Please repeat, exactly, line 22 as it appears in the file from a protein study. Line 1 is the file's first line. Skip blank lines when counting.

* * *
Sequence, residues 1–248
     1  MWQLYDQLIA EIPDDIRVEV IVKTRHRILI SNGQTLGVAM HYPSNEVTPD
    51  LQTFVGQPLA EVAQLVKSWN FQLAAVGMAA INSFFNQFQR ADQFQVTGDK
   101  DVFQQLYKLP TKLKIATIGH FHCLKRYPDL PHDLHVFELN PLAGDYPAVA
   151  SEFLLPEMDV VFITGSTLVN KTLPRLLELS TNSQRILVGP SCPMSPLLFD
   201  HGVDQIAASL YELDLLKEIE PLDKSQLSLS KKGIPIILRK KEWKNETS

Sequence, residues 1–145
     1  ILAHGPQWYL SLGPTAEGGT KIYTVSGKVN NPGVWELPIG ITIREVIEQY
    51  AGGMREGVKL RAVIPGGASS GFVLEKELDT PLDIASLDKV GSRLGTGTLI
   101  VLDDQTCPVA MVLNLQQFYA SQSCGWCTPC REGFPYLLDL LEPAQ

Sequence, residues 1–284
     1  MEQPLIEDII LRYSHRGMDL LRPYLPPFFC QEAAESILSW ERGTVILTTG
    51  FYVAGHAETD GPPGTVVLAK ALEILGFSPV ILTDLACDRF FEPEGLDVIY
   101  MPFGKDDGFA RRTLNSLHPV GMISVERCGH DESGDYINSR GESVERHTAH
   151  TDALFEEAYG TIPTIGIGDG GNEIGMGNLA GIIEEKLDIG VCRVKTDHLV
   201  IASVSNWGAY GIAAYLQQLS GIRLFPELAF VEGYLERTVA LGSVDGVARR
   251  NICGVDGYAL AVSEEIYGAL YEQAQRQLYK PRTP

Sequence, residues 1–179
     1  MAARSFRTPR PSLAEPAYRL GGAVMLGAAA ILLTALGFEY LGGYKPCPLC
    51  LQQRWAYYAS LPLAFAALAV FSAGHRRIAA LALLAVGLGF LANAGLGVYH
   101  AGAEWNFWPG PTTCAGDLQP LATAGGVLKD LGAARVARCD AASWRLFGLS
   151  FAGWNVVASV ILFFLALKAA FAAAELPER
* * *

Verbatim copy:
   151  FAGWNVVASV ILFFLALKAA FAAAELPER